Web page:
When I see angry white people telling blacks how to act I wonder what it would look like if the tables were turned? Already there are people shouting about how blacks need to act peacefully and respond the way civilized people do, not understanding the generations of injustice that fuel the rage. Not understanding that racism wears different clothing now. Not understanding it is still ingrained in ways we don’t see. And that’s the point – we don’t understand.

I know that categorizes me as a wacky lefty in some people’s minds but during the last few years I’ve been trying to educate myself on civil rights history. I’ve been reading about slavery, Jim Crow laws, economic imbalance, the prison system, and the way that oppression has been built in to society. I haven’t even begun to look at the history of literal slaughter of native people as our nations were expanding. These social ills are so entrenched that the rest of us are blind to them.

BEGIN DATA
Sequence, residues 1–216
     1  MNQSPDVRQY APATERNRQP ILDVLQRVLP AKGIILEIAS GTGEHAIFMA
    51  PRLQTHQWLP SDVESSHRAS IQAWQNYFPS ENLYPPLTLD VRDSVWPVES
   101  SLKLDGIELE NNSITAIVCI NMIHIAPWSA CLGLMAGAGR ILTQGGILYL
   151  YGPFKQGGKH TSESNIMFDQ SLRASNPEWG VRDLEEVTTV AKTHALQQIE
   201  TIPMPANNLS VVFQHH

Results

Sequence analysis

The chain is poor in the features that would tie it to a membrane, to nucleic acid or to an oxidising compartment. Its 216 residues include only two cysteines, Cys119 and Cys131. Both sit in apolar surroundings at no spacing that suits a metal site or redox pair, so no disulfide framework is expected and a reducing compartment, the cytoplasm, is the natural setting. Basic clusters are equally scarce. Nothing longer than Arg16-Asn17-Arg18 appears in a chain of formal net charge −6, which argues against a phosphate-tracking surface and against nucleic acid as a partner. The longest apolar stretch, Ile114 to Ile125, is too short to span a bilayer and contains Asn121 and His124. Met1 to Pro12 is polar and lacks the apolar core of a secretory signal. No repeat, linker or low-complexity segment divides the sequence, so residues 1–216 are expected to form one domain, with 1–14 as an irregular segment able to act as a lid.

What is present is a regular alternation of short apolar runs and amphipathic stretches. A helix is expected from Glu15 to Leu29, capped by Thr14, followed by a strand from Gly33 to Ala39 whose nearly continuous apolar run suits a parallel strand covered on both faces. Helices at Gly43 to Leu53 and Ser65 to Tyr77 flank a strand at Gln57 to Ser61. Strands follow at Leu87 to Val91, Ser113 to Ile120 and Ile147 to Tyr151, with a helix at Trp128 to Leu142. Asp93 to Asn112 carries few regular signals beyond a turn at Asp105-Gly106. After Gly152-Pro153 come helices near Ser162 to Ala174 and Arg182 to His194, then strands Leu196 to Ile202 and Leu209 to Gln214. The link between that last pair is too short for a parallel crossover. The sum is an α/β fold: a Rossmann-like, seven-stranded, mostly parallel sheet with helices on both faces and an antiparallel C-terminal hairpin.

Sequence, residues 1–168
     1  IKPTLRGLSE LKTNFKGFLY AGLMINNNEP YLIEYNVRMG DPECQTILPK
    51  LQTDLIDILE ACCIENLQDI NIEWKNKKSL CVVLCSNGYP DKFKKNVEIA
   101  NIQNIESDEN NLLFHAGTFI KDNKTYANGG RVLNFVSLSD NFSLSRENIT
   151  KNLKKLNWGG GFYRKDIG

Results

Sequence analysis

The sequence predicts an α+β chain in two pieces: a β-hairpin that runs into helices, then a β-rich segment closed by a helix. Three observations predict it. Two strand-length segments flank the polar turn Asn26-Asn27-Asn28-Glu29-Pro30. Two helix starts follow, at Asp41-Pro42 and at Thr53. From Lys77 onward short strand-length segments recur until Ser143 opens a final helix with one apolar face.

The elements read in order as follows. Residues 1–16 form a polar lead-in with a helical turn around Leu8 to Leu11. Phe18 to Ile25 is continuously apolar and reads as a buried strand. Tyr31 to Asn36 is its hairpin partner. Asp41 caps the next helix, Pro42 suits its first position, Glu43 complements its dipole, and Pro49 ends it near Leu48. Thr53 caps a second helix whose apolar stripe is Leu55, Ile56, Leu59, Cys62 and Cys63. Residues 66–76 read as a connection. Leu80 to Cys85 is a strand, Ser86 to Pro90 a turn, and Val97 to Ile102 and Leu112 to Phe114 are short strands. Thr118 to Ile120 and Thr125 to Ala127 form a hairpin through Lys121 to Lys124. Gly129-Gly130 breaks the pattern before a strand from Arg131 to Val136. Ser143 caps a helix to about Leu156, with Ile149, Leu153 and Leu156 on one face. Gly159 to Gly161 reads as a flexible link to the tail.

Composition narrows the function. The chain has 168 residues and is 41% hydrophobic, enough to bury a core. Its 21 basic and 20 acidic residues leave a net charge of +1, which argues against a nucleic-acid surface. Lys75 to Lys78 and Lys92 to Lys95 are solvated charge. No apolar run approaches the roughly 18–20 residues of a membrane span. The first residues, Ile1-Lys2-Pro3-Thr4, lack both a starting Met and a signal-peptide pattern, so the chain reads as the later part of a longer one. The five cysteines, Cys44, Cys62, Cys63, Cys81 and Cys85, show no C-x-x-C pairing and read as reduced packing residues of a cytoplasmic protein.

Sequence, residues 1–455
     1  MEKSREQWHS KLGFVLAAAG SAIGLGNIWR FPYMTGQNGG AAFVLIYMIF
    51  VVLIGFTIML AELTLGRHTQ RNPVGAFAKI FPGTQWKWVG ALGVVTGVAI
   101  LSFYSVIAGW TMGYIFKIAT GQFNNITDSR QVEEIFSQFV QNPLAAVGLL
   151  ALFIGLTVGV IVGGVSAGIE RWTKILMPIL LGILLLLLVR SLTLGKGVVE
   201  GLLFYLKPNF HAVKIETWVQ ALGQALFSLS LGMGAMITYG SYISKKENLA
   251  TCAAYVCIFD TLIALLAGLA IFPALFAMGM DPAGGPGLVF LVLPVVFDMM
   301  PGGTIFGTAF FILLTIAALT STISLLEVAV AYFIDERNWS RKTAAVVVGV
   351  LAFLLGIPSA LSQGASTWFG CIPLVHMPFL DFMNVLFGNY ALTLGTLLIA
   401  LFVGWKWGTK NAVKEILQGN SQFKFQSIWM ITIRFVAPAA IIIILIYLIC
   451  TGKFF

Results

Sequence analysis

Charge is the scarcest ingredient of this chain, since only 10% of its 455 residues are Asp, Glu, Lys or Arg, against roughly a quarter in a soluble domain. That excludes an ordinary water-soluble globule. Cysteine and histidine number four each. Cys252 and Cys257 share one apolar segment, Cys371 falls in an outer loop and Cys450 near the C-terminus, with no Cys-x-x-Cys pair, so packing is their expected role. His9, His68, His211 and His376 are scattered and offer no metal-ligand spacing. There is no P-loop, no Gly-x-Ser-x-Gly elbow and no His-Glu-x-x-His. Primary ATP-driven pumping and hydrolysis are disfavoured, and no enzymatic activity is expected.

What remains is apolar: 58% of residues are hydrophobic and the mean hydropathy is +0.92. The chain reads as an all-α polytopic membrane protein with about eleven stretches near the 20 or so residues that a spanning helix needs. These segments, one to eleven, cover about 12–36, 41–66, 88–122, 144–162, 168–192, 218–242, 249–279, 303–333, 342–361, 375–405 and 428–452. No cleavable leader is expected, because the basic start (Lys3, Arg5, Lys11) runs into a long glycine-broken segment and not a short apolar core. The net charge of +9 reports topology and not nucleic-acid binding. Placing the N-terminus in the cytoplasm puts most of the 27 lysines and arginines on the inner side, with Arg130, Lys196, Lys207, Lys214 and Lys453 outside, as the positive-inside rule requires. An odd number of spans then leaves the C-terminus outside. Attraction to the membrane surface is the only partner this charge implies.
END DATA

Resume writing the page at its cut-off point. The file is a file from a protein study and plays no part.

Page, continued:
To some degree Canadians can frown at the actions south of the border but we’re not pure either. Racism is universal, greed is universal, kneeling on someone else is universal.

I would never have seen myself as a racist but even attitudes I have held over the years have contributed to it. That is a jarring lesson. In our world there are white christians like me who sing about freedom – physical and spiritual freedom – without realizing how connected those freedoms are to the advantages we enjoy.  


Remember the story of Cain and Abel in Genesis, chapter four? Both brothers offer sacrifices but only Abel’s receives God’s approval. Cain is upset at this perceived unfairness but God corrects him:

“Why are you angry? Why is your face downcast? If you do what is right, will you not be accepted? But if you do not do what is right, sin is crouching at your door; it desires to have you, but you must rule over it.” (NIV)

Cain refuses to let go of the blind belief that he is not to blame for any of this. He is angry because he sees equality through his own, self-serving eyes.

He later lures Abel to a remote place where he attacks and kills his brother. God comes along again and they have another exchange:

“Where is your brother Abel?”

“I don’t know,” [Cain] replied. “Am I my brother’s keeper?”

Today I read Brad Jersak’s version of what God’s response might be:

“Am I my brother’s keeper?”

“No, you are his brother.”